The Whistle and the Fiddle

The Selkie Girls; Mark Menikos, Martin McCall, Jaycie Skidmore, Alli Johnson, and Dave Ervin. Live at the Austin Celtic Festival, Austin, October 18, 2014 (photo by Kent Kanouse). Reproduced under Creative Commons via Flickr

As we face more restrictions on socialising, on numbers at weddings and , for some, on movement, I was reminded of a few verses I penned earlier in the summer after a Damn Cheek performance of Brendan Murray’s play ‘Big Baby’. As part of that production, we were fortunate to have a multi instrumentalist in the cast in Kate Adams and the way her musicianship lifted the evening made me think about some of the ways in which music is important to us, not least at ‘weddings, wakes and christenings’.

The Whistle and the Fiddle

The whistle and the fiddle,
with us through the ages
at weddings, wakes and christenings
and all of life’s key stages.

The whistle sounding an alert,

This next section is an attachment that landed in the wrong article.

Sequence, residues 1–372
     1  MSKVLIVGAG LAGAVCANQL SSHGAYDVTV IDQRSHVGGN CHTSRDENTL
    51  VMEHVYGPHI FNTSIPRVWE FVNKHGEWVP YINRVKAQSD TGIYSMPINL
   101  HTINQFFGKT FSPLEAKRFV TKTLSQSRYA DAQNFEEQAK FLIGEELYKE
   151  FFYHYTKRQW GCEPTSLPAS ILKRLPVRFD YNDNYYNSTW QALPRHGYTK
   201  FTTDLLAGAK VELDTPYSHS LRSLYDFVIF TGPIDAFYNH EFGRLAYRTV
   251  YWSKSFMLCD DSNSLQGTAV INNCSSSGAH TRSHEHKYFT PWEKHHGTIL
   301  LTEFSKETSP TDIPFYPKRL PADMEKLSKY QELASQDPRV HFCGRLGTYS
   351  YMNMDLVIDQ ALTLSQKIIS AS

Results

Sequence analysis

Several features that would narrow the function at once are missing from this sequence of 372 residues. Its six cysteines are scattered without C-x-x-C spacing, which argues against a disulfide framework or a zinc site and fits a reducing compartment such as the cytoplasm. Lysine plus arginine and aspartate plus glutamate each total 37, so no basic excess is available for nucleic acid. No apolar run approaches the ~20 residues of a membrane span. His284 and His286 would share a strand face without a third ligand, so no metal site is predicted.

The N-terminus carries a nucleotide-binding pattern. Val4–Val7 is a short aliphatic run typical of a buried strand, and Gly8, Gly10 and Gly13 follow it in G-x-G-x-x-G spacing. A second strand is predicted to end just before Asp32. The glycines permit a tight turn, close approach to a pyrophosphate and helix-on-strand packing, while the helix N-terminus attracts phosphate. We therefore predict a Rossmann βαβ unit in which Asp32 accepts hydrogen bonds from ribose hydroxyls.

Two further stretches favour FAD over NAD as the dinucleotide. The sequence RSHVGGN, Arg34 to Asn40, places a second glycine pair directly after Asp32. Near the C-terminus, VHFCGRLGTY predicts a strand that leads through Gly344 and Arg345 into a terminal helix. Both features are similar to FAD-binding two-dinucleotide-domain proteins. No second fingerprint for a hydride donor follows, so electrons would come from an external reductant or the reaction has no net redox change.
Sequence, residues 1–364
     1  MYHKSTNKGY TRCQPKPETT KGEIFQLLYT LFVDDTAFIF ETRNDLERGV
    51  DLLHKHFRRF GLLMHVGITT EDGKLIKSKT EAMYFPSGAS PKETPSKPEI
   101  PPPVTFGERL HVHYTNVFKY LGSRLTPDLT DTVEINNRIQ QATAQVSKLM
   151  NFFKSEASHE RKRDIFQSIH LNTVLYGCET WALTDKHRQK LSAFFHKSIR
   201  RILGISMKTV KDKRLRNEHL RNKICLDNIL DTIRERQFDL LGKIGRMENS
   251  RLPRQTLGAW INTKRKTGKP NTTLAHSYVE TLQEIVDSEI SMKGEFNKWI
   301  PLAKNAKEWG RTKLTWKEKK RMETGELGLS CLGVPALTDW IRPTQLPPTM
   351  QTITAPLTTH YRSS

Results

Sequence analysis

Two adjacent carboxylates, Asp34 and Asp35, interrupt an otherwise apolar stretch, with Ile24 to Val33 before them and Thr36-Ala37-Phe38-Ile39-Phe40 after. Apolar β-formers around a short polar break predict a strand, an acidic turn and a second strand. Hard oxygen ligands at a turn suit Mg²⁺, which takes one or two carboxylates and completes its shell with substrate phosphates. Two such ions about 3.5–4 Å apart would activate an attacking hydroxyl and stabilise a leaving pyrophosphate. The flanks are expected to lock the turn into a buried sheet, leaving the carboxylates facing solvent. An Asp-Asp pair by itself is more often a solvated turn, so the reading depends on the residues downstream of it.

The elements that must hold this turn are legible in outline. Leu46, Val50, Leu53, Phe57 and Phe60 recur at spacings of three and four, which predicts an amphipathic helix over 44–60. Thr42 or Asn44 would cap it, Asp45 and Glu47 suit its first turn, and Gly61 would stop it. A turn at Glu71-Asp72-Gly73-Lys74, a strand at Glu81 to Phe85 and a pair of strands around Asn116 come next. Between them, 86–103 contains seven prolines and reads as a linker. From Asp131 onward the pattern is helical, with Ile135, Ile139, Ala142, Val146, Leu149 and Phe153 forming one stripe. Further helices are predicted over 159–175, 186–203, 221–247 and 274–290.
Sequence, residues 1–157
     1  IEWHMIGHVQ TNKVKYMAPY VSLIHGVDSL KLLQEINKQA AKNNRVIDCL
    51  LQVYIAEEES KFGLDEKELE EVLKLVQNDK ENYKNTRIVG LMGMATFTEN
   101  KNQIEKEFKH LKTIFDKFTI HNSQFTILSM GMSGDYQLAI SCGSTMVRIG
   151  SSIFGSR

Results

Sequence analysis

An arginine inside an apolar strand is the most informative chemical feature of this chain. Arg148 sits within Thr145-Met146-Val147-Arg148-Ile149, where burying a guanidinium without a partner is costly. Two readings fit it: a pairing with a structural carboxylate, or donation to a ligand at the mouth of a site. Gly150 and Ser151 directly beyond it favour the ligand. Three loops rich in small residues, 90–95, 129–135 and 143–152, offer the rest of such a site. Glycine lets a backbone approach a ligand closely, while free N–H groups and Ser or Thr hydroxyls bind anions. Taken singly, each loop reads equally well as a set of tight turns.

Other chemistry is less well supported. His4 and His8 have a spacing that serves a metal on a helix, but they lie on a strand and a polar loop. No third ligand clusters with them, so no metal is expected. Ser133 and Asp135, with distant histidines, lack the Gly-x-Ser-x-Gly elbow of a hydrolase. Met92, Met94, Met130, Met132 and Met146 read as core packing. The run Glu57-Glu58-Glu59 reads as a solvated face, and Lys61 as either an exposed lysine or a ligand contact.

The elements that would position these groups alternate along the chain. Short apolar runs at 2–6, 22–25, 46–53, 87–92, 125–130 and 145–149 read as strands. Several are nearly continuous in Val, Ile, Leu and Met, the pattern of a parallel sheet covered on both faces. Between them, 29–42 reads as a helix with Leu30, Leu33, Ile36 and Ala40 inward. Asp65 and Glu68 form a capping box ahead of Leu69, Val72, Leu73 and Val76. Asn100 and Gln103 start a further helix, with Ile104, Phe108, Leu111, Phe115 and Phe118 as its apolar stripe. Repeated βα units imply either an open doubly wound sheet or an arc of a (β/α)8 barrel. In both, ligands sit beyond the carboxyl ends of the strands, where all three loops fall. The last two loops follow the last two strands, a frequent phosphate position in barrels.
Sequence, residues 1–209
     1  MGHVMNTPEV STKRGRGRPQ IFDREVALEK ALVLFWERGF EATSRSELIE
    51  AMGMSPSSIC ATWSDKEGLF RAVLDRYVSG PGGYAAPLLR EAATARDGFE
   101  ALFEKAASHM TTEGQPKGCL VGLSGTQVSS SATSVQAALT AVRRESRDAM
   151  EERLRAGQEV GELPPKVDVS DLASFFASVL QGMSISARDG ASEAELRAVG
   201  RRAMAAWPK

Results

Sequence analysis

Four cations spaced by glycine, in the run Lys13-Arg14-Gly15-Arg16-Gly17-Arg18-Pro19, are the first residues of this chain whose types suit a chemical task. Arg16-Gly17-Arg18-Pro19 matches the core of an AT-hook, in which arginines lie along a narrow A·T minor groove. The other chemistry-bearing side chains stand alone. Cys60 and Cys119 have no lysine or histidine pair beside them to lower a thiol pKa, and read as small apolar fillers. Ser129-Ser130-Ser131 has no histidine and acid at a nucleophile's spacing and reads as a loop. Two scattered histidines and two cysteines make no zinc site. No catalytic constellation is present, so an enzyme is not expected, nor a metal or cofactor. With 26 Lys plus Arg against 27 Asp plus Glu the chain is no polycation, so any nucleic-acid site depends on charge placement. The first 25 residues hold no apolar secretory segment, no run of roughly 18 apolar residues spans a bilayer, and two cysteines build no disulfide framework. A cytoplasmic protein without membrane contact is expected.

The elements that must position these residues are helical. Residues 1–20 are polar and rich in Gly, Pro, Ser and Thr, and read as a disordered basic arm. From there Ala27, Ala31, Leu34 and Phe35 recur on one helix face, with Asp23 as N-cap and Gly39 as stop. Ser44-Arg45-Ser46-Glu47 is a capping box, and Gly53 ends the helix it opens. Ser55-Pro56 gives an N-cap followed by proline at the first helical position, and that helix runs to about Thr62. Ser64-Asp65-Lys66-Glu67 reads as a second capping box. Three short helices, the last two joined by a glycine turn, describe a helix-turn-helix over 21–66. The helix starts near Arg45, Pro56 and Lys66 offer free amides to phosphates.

a signal, stop, take care.
The fiddle playing mournful tunes
when danger’s everywhere.

The fiddler leads us to the dance,
the whistle joins the jig,
but dancing at a distance
just isn’t worth a fig

and as our leaders fiddle now
with figures, claims and metrics
we whistle for some common sense
among the massed statistics

and long for a day, when all is clear,
the virus is defeated,
when few succumb and those that do
can easily be treated

and on that day as smiles break out
we’ll dance a roundelay
we’ll all hold hands (remember how?)
and the fiddler will play.

Tony Earnshaw

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